81 geese nabbed, hundreds more on loose
Authorities rounded up 81 geese on the Nevada side of Lake Tahoe on Wednesday morning, and believe there are hundreds more living here.
Supervising wildlife biologist Jack Spencer with USDA Wildlife Services said depending on the season, Tahoe can be home to thousands of Canada geese at one time.
The large birds are apparently prolific waste producers. A 10-pound bird can excrete up to five times an hour totaling an average of four pounds a day of nutrient-rich droppings.
The Tahoe Regional Planning Agency, which is charged with protecting Lake Tahoe’s environment, encourages reducing fertilizer use and getting rid of turf.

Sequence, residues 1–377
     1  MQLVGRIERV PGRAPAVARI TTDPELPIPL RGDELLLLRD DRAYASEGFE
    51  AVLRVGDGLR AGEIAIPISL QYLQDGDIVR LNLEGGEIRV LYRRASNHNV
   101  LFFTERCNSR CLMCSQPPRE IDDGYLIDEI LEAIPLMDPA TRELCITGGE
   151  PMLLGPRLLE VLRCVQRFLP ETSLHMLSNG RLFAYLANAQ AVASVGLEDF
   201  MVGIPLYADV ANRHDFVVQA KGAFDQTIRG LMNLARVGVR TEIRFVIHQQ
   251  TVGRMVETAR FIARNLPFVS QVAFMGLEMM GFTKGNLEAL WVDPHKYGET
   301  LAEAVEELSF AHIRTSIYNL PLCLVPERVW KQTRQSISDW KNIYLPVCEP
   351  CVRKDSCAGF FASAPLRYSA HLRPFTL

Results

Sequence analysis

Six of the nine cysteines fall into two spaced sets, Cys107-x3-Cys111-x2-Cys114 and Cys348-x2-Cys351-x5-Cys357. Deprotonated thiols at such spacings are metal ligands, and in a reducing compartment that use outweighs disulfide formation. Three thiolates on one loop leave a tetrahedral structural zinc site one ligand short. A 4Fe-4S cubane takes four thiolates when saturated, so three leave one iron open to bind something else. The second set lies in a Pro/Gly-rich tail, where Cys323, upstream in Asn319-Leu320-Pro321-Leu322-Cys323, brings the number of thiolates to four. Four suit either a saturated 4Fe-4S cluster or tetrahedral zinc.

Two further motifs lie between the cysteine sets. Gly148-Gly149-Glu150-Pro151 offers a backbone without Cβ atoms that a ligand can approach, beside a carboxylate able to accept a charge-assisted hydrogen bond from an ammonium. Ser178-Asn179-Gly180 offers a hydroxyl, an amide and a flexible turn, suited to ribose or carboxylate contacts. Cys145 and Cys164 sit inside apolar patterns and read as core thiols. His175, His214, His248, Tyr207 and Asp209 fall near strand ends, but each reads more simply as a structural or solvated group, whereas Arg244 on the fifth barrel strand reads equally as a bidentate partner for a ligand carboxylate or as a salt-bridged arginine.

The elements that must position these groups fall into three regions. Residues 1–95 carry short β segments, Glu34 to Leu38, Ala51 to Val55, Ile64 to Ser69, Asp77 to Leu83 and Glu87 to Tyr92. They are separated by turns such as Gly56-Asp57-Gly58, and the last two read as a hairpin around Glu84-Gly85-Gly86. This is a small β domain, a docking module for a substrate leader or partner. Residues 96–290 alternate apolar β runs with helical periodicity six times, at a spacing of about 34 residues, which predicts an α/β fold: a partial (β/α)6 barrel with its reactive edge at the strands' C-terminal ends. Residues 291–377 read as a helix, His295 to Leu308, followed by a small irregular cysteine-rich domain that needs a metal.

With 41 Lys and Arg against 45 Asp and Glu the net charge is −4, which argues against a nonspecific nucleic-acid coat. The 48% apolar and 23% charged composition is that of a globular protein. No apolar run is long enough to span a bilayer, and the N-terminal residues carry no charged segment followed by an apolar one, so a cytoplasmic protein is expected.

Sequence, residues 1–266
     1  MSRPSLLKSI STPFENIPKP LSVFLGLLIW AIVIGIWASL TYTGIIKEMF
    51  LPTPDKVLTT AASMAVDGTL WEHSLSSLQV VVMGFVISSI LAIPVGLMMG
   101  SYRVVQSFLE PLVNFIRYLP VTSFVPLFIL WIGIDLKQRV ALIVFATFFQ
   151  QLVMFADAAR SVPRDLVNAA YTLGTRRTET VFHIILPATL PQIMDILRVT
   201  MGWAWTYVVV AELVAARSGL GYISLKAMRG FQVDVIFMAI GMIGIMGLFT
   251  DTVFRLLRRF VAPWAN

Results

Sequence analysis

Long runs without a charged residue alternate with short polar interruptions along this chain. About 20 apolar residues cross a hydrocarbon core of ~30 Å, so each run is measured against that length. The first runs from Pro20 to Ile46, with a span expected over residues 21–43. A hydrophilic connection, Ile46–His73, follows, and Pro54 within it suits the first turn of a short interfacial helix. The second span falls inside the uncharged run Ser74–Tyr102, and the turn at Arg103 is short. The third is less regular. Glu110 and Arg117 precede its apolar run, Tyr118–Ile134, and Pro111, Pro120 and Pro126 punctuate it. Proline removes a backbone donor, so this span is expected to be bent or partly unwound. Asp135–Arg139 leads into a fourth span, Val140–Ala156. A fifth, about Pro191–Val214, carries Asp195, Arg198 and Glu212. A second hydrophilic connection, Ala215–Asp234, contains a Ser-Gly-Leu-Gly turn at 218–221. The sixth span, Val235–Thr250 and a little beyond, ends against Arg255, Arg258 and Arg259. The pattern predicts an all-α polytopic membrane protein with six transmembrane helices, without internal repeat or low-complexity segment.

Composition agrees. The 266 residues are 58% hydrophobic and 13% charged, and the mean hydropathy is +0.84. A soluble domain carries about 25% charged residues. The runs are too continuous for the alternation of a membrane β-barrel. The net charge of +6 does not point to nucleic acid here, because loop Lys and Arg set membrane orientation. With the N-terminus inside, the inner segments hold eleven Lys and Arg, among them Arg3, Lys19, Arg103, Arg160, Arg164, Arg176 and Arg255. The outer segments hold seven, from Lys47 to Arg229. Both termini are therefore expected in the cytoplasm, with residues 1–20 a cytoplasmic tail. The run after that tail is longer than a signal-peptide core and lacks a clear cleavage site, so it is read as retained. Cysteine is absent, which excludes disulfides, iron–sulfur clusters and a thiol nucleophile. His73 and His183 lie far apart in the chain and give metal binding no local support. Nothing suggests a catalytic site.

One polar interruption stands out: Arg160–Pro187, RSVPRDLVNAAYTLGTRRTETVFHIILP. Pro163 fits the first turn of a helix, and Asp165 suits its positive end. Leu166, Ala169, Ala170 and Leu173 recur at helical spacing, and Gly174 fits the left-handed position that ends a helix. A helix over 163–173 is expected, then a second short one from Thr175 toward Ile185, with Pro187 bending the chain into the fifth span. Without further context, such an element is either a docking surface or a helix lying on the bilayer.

“We could really attack this problem by promoting alternate landscaping,” said TRPA spokeswoman Julie Regan. “The geese are only recycling what is already in the environment; they are not adding nutrients.”
Nutrients feed algae growth in Lake Tahoe and are thought to be almost half the problem in the lake’s declining water clarity. The other half is fine sediment.
“Most of the nutrients are coming from runoff tied to erosion,” Regan said. “The clarity model is showing fine sediment is a clear priority.”
Lauri Kemper at the Lahontan Water Board, which regulates water quality in the Sierra, said the agency does not address wildlife issues, but has to factor in the effect of feces in its pollution load models.
The birds can be aggressive. Spencer was bitten a dozen times Wednesday morning.